In each group, BICs at the same sites measured by histomorphometry and corresponding 2D μCT presented the same trend and shown no significant difference between the two methods (Table 1). Moreover, a strong correlation (γ = 0.74) was found between BIC of 0°-μCT and BIC of histology in the implant group (Table 1, Fig. 3). Because of micro-CT scanned an object at a certain interval, it was difficult to find the 2D μCT slice that was exactly matching with the histological slice. Therefore, the correlation coefficient between the BICs measured by the two modalities was slightly reduced. In the TCP group and the BMP-2 group, the moderate and weak correlations were detected between BIC of 2D μCT and BIC of histology at the identical site (Fig. 3). We considered that the residual β-TCP granules affect the correlation coefficient in the TCP group and the BMP-2 group. The β-TCP granules in the hydrogel were not completely degraded within 4 weeks and could be distinguished from the bony tissue in the undecalcified histological section. Therefore, β-TCP was excluded in the BIC measurement for histomorphometry. On contrary, the β-TCP could not be distinguished from the bone in micro-CT and was identified as the new bone in the BIC measurement. Therefore, the BIC obtained by 2D μCT slice could be used to assess the implant osseointegration, when no bone graft-based substitutes and ceramic-based substitutes remain.

In the implant group, various correlation coefficients were shown between BICs of the 2D μCT at different sites and BICs of the representative histological sections (Table 2). It is demonstrated that the BIC acquired from histology of a specific location cannot illuminate the osseointegration of the whole implant or that at other sites. Therefore, we calculated the mean of BICs of the four μCT slices (at 0°, 45°, 90°, and 135°) of each implant to assess the osseointegration of the entire implant. A high correlation coefficient (γ = 0.84) was shown between BIC-Mean-μCTs and BIC-Histology (Fig. 4). However, the correlation will be altered when changing the site of histological section or increasing the number of μCT slices for calculating BIC-Mean-μCTs. And the more 2D μCT slices are used to calculate the mean of BICs, the closer the BIC-Mean-μCTs is to the osseointegration of the implant.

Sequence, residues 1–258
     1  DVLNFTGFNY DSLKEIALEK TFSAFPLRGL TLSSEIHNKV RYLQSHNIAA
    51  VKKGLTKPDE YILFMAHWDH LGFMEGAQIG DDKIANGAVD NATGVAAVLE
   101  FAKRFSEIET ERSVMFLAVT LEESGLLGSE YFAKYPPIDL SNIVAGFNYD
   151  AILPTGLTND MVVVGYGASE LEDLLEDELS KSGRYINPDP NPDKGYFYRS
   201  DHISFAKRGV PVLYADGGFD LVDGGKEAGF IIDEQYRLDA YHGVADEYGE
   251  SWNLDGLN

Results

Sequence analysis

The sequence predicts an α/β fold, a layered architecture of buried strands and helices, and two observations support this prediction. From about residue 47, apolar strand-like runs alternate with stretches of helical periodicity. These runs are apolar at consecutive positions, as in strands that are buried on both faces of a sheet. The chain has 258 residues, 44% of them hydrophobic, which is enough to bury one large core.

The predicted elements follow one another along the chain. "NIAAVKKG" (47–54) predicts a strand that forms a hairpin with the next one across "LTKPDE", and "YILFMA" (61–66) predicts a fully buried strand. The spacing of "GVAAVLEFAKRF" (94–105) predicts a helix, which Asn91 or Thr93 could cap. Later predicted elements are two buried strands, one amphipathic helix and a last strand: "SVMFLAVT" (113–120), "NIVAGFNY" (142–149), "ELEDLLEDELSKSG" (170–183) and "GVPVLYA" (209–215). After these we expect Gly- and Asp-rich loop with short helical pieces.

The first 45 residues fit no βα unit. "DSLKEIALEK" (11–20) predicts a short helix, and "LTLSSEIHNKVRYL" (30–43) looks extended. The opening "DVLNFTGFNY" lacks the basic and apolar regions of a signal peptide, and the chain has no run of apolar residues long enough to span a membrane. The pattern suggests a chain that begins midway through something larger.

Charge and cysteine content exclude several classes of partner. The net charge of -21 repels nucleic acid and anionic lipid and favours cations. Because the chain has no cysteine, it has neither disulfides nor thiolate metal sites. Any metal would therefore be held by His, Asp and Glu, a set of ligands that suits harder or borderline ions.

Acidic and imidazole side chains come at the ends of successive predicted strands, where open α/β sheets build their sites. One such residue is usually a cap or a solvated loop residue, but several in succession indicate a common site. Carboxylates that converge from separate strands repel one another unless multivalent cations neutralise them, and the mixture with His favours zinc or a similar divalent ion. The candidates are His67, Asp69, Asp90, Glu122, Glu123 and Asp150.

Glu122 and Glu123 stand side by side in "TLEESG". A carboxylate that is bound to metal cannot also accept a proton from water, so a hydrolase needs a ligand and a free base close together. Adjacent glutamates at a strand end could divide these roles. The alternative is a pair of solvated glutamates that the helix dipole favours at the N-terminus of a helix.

Some limitations exist in the present study. First, due to the small sample size, P values had biases in the present study. The second limitation is the small number of 2D μCT slices used for calculating the mean of BICs. Additionally, the method of minimizing artifacts still needs to be optimized. The BIC-Mean-μCTs supplies comprehensive information of the entire implant osseointegration, while the BIC-Histology offers an accurate assessment of the osseointegration at a specific site.

Conclusion

The method that integrating bone information of several 2D μCT slices in different sites to measure BIC is feasible to assess the implant osseointegration, although the method needs further optimization.

Availability of data and materials

All data generated or analyzed in this study are included in this published article.

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Acknowledgements

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Funding

This work was supported by the Korea Medical Device Development Fund grant funded by the Korea government (the Ministry of Science and ICT, the Ministry of Trade, Industry and Energy, the Ministry of Health & Welfare, the Ministry of Food and Drug Safety) (Project Number: KMDF_PR_20200901_0151).

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HZL: designed the study, performed experiment, analyzed data and wrote the manuscript. JHL: designed the study, conceived and supervised the research, and reviewed the paper. The authors read and approved the final manuscript.

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Correspondence to Jae Hyup Lee.

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Lyu, HZ., Lee, J.H. Correlation between two-dimensional micro-CT and histomorphometry for assessment of the implant osseointegration in rabbit tibia model. Biomater Res 25, 11 (2021). https://doi.org/10.1186/s40824-021-00213-x

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Keywords

  • Bone-implant interface
  • Histology
  • Osseointegration
  • X-ray microtomography